Picking the right platform is an important decision, since you will probably want to integrate it with other apps and platforms as you grow—make sure you pick one that won’t limit you down the road. Luckily most vendors have seen UI facelifts in recent years, improving the user experience drastically to before.
Things to consider when choosing your CRM system
There’s a lot to think about when choosing your organization’s CRM software. On the one hand, there are large vendors, such as Salesforce and Microsoft Dynamics, attempting to build ecosystems incorporating app marketplaces. On the other hand, the CRM market has seen an increase in vendors. Pipedrive is one of the drivers in this space, offering affordable, easy-to-use solutions over the past few years. To make the choice a little easier, we’ve listed ten vendors we’ve identified as strong options.
Sales intelligence and sales prospecting
Sales intelligence refers to a wide range of technologies that help salespeople find, monitor, and understand information on prospects’ and existing clients’ daily business.
Sales intelligence software allows salespeople to conduct pointed searches for companies using a specific set of real-time data-points, including firmographics, technographics, and buying signals. There are two parts to the sales intelligence market: 1) company data, and 2) contact data.
Sales intelligence software includes more than just vendors providing phone numbers and emails. Sales intelligence is about the contextual information surrounding these contacts, such as purchase history, current contracts, business objectives, and digital footprints.
The average buying process now includes nearly seven people. Modern salespeople have to be relevant in every touch point, in order to build consensus among a larger group of stakeholders. Sales intelligence helps salespeople know precisely who they should be talking with, what they should be talking about, and when they should reach out to them. All relevant information must be in front of them when they’re having that conversation.
In short, sales intelligence eliminates the previously manual process of locating the relevant insights you need, while verifying them for accuracy and giving you a complete overview of every prospect. Most tools come with notification features, alerting the users of organizational changes that can open up a window of opportunity, or informing them of when a new company falls into the description of their ideal customer profile.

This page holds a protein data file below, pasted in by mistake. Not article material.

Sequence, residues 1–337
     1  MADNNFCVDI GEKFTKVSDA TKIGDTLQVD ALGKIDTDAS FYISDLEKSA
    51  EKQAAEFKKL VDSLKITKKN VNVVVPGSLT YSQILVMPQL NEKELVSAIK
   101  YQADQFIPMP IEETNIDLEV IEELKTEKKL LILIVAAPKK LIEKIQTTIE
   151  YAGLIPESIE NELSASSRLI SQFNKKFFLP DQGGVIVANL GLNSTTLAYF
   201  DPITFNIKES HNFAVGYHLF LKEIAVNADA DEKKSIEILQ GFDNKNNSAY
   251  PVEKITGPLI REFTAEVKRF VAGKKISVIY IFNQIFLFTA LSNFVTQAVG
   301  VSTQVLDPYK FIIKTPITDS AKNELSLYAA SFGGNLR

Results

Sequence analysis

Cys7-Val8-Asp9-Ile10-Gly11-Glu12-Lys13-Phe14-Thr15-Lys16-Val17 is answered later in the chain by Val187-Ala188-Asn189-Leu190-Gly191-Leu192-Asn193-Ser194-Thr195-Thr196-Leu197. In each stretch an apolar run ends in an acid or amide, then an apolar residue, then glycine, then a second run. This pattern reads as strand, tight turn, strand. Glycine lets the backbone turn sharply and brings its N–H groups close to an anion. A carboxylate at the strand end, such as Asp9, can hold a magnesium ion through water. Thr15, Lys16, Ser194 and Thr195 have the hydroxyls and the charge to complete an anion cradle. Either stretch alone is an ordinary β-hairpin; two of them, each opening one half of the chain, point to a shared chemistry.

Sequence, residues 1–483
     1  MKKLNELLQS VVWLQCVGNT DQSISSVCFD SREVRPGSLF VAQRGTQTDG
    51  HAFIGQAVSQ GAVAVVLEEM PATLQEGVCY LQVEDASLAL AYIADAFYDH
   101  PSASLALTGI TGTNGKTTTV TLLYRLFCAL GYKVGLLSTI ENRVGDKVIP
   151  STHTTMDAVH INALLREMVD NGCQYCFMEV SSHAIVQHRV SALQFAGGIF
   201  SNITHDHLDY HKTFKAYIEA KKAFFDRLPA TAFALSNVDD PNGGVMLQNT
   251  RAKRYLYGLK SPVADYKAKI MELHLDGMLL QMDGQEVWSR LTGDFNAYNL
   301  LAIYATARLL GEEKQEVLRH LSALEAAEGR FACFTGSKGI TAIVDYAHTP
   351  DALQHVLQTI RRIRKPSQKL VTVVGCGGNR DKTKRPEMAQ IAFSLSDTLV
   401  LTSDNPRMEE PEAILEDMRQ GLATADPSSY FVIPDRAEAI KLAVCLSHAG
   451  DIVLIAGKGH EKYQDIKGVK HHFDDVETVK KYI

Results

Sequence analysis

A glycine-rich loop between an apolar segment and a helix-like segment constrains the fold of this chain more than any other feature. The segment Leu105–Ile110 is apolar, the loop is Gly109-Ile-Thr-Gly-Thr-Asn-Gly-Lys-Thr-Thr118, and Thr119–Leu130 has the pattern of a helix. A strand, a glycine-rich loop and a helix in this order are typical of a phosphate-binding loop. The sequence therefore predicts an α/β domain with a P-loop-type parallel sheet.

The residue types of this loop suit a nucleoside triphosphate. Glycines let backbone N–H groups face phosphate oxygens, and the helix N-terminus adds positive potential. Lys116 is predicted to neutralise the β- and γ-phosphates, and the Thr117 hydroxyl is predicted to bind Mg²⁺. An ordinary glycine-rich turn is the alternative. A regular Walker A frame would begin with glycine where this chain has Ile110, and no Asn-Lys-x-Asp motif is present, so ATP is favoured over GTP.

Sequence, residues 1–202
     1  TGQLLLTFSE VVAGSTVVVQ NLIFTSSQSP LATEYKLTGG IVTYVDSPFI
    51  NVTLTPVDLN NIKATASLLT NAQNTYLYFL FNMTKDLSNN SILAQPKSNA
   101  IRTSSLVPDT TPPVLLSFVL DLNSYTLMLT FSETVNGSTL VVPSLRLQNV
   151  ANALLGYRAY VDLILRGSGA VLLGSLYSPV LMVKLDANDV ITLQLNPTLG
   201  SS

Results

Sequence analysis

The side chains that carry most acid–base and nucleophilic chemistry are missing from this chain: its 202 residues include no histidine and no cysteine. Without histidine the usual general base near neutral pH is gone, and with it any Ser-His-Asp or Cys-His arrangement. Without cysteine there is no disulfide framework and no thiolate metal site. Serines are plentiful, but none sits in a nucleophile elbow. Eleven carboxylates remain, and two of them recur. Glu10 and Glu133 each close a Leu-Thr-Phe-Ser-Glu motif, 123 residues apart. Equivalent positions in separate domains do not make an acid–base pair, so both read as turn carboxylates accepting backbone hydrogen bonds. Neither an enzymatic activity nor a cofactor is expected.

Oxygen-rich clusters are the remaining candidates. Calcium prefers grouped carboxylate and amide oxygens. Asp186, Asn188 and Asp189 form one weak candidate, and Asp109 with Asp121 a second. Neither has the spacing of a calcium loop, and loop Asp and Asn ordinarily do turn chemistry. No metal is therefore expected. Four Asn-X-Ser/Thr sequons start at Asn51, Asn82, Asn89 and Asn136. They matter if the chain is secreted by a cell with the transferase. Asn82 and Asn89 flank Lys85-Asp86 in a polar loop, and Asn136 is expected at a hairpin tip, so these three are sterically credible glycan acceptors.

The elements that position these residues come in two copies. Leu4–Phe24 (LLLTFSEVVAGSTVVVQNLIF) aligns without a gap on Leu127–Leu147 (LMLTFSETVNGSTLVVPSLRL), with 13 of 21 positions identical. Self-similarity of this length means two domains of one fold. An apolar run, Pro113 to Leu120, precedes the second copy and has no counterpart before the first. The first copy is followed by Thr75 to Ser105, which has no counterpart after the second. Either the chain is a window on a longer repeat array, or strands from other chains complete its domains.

In sales intelligence, local data plays a critical role, which makes the category more fragmented geographically than others. Legislation such as GDPR makes Europe, for example, a more challenging market to have contact information on. At the same time, there is a lot of consolidation in the space, as with Discoverorg’s recent acquisition of another major player, Zoominfo.
New datasets will constantly emerge, which will make prospecting more effective and specialized. Intent data is one new example, as well as industry-specific data sources such as real estate data, credit ratings, or vehicle information.
A young and evolving vertical
As already mentioned, the sales intelligence vertical is still young and relatively undefined. This makes it far from easy for first-time buyers to compare sales intelligence solutions and decide which one is right for their business. To help you narrow down the search, we’ve listed ten powerful sales intelligence tools.
Sales acceleration software